Portland ventriloquist no dummy

There’s a good chance you’ve been entertained by this fellow if you’ve lived in the area for some time. Find out where you can see some of his “characters”, and learn more about his fascinating art. It’s the perfect activity for a rainy weekend …

Marty Richmond of Ping Pong’s Pint Sized Puppet Museum of Portland helps ventriloquist Dave Miller carry in his show props.

Story and photos by David F. Ashton
Kicking off its current exhibit, “Ventriloquism – A New Dawn, Ping Pong’s Pint Sized Puppet Museum of Portland proudly presented well-known ventriloquist Dave Miller in live shows, last month.

In addition to famous historical ventriloquist figures (popularly called “dummies”), Miller loaned the museum 24 of his figures. “They’ve never been in a museum before. If I were to ask them, they’d probably complain about being strung up, hung up, and put on stands. Most of these characters are not easy to please!”

Ventriloquist Dave Miller introduces one of his favorite co-performers, Herkimer.

To him, each dummy seems to have a life of his own, Miller told East Portland News. “I’m not crazy, I know that it’s not a real person. But when I pick it up, I think of it as a real person – one who can skillfully adlib and be funny.”

Since it had been a while since he’d done a show, Miller took out one of his favorite figures, named Herkimer, to practice. “When I took Herkimer out of a suitcase, the first thing he ‘said’ was, ‘My God, Miller, I thought you’d died!’. He always comes up with funny comments like that.”

During the show, Herkimer taunts, teases, and sasses ventriloquist Dave Miller.

His fascination with ventriloquism began in grade school when an entertainer performed at his school. “I was very impressed, and decided I wanted to that. In 1953, I walked by a Goodwill store in Southeast Portland, went in, and noticed a “Charlie McCarthy” doll on the shelf. I bought him for $5 bucks.”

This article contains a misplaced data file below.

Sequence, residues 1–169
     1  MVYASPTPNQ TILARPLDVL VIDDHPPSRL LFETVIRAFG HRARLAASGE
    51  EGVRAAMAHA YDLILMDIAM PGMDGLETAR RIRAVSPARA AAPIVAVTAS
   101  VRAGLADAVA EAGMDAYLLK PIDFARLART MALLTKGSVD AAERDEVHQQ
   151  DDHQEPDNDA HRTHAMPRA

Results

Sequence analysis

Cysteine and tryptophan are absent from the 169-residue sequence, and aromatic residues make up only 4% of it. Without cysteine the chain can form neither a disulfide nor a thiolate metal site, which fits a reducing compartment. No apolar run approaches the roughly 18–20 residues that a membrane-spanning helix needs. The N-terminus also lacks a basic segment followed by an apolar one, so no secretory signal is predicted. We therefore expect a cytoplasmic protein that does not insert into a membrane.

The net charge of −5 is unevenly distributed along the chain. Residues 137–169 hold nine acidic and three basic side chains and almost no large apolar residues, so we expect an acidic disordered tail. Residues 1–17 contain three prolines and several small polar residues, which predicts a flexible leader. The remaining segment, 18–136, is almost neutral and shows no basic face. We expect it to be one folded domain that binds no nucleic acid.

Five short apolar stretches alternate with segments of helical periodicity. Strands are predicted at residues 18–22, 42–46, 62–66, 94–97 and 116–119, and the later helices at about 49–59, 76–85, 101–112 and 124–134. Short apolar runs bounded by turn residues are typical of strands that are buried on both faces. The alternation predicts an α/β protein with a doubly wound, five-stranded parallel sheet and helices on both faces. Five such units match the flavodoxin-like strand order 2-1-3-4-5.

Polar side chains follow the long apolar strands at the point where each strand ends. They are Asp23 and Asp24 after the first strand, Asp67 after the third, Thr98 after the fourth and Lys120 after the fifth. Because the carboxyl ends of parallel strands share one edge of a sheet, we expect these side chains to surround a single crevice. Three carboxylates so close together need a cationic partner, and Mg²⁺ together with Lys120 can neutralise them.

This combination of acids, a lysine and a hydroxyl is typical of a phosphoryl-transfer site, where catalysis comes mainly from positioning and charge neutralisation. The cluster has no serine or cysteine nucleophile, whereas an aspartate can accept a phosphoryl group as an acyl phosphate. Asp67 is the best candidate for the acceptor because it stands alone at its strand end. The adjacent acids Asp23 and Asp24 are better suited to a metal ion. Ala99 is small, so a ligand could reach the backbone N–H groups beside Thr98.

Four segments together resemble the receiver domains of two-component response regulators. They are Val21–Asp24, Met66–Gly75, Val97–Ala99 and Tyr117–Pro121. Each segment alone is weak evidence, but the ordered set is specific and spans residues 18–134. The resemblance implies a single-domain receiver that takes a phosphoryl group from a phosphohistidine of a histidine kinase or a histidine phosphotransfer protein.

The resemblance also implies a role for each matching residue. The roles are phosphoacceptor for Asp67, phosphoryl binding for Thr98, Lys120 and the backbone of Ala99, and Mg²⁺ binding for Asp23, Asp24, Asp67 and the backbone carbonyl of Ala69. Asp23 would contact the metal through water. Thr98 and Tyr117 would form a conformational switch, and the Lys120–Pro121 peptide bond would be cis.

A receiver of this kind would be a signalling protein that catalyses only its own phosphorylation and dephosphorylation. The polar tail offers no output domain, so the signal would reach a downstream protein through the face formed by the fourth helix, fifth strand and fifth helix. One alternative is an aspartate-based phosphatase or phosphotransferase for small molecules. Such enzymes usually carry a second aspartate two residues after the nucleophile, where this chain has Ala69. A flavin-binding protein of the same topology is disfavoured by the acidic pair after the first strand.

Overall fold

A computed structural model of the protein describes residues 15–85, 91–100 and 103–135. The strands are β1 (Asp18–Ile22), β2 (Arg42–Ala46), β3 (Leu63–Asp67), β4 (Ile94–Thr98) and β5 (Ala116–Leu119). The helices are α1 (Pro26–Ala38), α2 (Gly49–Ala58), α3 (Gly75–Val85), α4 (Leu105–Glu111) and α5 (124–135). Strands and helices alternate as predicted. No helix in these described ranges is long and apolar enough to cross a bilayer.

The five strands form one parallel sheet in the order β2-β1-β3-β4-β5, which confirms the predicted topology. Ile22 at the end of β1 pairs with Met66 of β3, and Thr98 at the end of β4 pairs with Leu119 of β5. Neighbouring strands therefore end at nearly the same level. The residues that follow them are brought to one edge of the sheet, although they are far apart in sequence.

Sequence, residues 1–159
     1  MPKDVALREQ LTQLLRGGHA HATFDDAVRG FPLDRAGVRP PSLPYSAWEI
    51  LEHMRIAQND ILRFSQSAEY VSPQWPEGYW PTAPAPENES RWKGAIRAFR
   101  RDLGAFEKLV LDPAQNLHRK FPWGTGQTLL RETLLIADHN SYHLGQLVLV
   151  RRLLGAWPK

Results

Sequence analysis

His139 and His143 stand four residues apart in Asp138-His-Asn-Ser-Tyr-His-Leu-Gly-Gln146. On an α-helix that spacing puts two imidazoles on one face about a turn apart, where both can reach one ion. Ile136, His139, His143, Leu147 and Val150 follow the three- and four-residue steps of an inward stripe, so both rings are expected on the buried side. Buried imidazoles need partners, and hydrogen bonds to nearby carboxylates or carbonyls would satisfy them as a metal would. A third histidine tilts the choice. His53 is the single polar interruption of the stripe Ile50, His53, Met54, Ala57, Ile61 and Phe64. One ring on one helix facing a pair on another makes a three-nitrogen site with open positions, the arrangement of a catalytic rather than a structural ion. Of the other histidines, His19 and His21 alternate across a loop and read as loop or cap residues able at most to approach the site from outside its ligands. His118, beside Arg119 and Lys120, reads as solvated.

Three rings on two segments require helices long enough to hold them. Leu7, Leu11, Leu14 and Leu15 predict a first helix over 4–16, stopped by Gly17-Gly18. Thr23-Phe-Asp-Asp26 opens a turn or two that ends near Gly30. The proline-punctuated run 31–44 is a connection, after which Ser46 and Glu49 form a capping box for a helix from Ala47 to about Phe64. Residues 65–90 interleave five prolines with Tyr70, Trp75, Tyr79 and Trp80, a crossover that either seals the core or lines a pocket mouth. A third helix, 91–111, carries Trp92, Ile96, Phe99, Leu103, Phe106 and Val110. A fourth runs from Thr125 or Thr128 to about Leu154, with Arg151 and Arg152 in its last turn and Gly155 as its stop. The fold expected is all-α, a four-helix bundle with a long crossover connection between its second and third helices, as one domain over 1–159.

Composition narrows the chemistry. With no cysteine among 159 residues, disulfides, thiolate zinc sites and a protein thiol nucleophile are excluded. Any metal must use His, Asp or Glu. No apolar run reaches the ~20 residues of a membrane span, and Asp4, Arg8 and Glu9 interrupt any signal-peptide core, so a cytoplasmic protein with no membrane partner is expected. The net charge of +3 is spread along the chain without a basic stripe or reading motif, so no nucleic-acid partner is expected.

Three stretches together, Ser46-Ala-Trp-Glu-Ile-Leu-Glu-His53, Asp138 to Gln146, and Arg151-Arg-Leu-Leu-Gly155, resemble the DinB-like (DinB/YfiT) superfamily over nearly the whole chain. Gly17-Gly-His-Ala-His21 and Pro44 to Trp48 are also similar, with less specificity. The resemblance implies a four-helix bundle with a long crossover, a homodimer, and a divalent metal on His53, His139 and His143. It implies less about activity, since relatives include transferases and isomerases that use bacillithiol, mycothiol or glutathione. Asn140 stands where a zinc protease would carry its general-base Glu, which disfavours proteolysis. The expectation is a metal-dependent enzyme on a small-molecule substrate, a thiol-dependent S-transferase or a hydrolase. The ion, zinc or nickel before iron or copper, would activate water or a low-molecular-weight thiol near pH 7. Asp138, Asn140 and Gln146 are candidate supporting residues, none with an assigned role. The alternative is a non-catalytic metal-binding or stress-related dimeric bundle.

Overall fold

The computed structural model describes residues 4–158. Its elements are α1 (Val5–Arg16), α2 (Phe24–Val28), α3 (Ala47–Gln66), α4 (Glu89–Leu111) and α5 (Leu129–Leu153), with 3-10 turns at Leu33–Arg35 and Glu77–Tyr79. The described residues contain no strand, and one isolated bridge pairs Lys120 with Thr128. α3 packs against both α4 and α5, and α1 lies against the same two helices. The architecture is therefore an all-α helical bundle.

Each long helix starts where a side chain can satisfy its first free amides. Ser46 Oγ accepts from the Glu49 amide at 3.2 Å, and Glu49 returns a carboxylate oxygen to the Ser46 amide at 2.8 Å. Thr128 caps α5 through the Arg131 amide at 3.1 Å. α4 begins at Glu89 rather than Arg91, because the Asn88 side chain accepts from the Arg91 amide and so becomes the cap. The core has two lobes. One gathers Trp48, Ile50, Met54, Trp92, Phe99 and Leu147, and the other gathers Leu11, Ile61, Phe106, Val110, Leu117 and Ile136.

Although Miller has performed all over the west coast, and as far east as Kentucky, he’s always considered himself a “semi-professional” entertainer. “My ‘day job’ was working as a graphic illustrator. I worked for Tektronix for 27 years, and for Columbia Helicopters 10 years, providing technical drawings. I did some cartooning, also.”

It’s less about not moving lips when they speak than having a funny, well-written routine, Miller said. “I try to be entertaining most of all.  Entertaining first, and then working with my lip movements so they are not obvious.”

The antics of ventriloquist Dave Miller and Herkimer have everyone laughing.

The best part of performing for him, he said, was interacting with his figures. “I get away with saying a lot of things that you wouldn’t normally say. Within reason, the dummy can be very insulting to people. When the dummy says it, it comes out very funny. If I were to say some of these things I would probably get punched in the nose!”

While performers like Jeff Dunham have become famous enough to fill an arena, all ventriloquists share a common bond, Miller said. “It’s fun to put life into something that is otherwise inanimate.”

“Ventriloquism – A New Dawn”, is on display at Ping Pong’s Pint Sized Puppet Museum of Portland through April 27, Thursdays through Sundays from 2:00 until 8:00 p.m. It’s located in Sellwood at 906 SE Umatilla Street. Learn more by visiting their website: CLICK HERE.

© 2014 David F. Ashton ~ East Portland News

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